1970: Southern Rhodesia broke away from Britain and became a republic under Ian Smith.
What does RH stand for?
RH stands for Southern Rhodesia
This definition appears frequently
See other definitions of RH
We have 56 other meanings of RH in our Acronym Attic
- Rochester Hills
- Rohm and Haas
- Rolf Holstensson (chair retailer; Bodaford, Sweden; est. 1977)
- ROM Hacking
- Rose-Hulman (College)
- Row Hit (computer engineering)
- Rubeus Hagrid (Harry Potter)
- Running Hour
- Rural Health (various locations)
- Rush Hour
- US Revenue Cigarette Tubes (Scott Catalogue prefix; philately)
- Rhesus Haemolytic Disease of the Newborn
- Remote-Handled Transuranic Waste
- Rex Halverson & Associates (California)
- Radical Hysterectomy and Bilateral Pelvic Node Dissection
- Radical Hysterectomy with Bilateral Salpingo Oophorectomy
- Rat Heart Cells Conditioned Media
- Role for Human Erythropoietin
- Radical Hysterectomy and Pelvic Lymphadenectomy
- Right-Handed Transmission Line
Samples in periodicals archive:
Fraser joined the National Institute of Medical Research in London and settled in Southern Rhodesia in 1948, initially working at the Blair Research Centre to investigate Miracil D in treating schistosomiasis.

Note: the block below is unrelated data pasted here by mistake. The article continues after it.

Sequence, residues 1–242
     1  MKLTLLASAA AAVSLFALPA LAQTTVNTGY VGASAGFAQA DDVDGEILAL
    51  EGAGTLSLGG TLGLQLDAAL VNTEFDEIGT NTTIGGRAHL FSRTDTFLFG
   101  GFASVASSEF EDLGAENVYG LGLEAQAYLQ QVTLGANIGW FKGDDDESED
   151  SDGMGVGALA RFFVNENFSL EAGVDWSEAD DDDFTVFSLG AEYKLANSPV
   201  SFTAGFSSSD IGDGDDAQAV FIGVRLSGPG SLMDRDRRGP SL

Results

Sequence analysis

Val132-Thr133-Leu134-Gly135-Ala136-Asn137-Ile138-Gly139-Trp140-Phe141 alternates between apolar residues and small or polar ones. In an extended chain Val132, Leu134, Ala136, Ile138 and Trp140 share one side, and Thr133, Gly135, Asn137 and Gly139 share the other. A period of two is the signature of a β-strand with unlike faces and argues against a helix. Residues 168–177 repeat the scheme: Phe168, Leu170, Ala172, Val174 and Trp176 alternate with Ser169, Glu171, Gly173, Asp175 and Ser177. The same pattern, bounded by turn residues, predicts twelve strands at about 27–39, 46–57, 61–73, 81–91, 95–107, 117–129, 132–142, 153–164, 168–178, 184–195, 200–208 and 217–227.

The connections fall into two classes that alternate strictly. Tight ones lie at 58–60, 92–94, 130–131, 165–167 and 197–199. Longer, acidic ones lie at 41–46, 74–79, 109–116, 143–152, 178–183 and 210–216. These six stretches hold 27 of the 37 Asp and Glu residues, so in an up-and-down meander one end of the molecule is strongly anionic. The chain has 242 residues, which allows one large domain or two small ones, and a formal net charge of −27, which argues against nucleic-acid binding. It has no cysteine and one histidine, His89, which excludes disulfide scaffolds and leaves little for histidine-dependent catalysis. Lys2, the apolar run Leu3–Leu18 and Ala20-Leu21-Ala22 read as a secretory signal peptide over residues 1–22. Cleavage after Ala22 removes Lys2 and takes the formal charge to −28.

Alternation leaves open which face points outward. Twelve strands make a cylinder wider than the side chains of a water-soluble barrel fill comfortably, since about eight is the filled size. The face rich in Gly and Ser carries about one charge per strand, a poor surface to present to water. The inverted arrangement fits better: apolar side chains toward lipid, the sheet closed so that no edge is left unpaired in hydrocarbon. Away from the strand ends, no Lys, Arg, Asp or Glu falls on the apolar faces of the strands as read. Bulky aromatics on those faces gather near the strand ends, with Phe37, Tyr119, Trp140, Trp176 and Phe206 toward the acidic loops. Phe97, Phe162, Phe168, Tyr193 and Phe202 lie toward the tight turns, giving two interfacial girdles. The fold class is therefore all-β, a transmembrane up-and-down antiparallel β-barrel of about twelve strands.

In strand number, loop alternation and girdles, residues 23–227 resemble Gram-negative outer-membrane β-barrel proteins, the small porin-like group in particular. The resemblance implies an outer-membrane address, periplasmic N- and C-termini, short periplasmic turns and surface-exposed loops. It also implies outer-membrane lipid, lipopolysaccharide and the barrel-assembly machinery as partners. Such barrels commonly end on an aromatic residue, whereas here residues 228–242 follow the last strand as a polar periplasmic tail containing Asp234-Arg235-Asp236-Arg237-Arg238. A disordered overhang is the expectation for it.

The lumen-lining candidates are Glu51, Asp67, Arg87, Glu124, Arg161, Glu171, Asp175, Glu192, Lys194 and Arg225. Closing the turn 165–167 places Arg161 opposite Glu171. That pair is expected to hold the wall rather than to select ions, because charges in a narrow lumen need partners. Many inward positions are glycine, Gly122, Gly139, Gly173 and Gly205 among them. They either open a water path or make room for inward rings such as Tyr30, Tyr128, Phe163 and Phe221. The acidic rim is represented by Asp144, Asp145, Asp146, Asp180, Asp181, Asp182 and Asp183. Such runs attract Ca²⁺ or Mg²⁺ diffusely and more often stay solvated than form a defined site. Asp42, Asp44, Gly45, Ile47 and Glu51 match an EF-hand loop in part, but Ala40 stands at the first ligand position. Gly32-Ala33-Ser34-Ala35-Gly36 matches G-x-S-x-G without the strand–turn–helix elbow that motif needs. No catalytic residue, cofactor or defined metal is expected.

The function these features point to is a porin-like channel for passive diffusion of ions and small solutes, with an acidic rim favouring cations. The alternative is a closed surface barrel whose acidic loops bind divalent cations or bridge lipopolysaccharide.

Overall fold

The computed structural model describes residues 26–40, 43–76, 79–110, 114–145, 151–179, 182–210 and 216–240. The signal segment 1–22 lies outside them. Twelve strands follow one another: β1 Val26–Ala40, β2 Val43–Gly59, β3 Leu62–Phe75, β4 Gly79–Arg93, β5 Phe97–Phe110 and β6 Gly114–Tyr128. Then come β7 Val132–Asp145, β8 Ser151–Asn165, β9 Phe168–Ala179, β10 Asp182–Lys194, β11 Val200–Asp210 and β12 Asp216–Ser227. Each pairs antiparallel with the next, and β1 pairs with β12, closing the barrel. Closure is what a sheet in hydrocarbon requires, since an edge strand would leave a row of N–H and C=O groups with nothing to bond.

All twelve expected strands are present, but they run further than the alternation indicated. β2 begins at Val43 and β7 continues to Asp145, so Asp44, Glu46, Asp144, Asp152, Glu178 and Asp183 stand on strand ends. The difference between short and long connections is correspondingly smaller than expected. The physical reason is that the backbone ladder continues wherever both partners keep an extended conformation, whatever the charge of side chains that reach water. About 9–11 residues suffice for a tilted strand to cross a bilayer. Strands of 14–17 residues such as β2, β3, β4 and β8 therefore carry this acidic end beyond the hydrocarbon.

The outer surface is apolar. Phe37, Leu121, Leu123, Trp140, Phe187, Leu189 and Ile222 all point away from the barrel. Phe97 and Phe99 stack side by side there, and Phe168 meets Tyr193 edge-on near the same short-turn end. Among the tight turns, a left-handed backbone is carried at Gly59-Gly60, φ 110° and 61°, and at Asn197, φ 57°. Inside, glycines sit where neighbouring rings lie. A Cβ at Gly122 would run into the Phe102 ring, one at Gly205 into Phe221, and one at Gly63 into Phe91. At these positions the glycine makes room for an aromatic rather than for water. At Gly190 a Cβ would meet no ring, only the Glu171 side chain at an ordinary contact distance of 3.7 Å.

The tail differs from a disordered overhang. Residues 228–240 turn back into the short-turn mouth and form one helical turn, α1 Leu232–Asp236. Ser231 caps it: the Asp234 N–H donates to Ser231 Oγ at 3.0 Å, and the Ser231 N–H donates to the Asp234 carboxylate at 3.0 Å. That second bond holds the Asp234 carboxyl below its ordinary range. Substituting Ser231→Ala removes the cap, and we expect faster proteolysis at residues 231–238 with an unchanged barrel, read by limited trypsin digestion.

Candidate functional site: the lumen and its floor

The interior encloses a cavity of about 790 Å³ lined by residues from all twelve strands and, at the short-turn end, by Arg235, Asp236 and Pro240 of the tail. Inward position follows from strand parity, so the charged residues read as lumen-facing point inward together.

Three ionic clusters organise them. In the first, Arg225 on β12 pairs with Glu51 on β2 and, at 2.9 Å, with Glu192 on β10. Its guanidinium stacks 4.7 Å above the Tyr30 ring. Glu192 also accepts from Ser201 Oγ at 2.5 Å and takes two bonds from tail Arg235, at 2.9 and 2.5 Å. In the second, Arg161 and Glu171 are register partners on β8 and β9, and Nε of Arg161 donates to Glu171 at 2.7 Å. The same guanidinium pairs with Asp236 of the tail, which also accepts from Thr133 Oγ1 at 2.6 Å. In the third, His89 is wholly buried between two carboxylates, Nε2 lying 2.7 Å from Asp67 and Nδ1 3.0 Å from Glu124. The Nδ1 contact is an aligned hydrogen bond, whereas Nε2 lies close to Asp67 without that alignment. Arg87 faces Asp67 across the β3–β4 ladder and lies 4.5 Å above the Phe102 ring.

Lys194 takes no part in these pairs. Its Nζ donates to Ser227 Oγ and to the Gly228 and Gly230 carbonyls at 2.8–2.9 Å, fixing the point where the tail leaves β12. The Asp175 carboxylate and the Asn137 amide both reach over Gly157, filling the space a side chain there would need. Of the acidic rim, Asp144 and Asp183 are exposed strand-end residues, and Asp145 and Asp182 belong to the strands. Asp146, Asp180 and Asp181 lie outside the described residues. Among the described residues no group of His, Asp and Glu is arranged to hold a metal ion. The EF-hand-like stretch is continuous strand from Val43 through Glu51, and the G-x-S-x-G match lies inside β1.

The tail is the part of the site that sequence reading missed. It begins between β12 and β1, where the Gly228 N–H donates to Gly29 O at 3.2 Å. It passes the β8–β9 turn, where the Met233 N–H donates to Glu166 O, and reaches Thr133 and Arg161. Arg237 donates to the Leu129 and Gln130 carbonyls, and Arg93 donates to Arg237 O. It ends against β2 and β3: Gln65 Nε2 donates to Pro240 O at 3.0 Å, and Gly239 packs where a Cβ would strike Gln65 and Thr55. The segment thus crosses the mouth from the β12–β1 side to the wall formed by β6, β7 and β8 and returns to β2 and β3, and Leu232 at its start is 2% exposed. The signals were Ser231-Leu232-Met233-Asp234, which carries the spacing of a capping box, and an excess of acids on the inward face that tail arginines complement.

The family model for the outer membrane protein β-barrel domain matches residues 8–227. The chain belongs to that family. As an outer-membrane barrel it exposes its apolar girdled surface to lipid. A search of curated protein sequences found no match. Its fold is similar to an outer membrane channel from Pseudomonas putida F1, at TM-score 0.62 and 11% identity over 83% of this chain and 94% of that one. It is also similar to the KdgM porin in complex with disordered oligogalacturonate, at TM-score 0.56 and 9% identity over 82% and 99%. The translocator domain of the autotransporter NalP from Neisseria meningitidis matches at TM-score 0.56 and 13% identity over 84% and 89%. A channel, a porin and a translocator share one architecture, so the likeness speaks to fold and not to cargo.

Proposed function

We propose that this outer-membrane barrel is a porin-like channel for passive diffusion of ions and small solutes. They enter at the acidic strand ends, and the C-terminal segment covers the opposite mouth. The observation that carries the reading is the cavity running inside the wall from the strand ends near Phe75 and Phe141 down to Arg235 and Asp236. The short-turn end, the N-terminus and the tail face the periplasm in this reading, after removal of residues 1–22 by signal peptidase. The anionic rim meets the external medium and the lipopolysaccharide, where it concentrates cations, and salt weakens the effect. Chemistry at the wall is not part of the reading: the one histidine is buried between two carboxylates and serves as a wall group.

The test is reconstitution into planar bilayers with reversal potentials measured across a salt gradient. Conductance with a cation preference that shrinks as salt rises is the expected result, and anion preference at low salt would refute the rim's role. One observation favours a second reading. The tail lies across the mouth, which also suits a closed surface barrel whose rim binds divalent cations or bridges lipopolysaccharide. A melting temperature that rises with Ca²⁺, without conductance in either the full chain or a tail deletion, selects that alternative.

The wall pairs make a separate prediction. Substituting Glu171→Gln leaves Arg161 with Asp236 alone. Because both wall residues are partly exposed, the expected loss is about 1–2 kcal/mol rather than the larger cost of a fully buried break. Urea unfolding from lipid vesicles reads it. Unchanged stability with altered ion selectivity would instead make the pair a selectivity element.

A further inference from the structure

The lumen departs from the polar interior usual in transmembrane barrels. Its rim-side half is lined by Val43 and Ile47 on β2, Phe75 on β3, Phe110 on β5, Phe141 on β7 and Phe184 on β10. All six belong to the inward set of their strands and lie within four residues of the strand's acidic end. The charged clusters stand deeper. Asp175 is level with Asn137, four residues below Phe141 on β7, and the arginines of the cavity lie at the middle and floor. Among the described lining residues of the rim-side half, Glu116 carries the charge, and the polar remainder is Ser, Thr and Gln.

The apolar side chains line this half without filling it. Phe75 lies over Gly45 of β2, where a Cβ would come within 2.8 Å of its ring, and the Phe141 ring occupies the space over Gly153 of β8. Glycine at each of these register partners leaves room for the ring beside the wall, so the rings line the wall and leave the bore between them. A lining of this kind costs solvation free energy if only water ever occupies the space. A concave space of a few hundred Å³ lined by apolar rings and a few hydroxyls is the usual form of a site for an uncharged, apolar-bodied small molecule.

The country today equivalent to Zimbabwe was first demarcated by the British South Africa Company in the late 19th century; it became the selfgoverning colony of Southern Rhodesia in 1923.
What does the writer think apartheid South Africa was all about, or the UK-backed Ian Smith-led Southern Rhodesia government?
It warms up in Southern Rhodesia (now Zimbabwe) during the day but at places 4,000 or 5,000 ft above sea level it often freezes at night and in the early morning.
The third article also takes a historical stance and discusses the Native Marriage Laws in Southern Rhodesia, especially among the Shona community.
Peter Drake's voyage continued northwards into Southern Rhodesia - now Zimbabwe - where David Livingstone found the waterfalls on the River Zambezi which he renamed the Victoria Falls after Queen Victoria.
Byline: PAUL WEIDEMAN Get the ball rolling When I was a wee whippersnapper attending a British boys' school in Southern Rhodesia, we had fountain pens with little squidgy levers you'd pull out after sticking the pen nib into a little bottle of blue ink, and it would suck it up into the ink bladder inside the pen's barrel.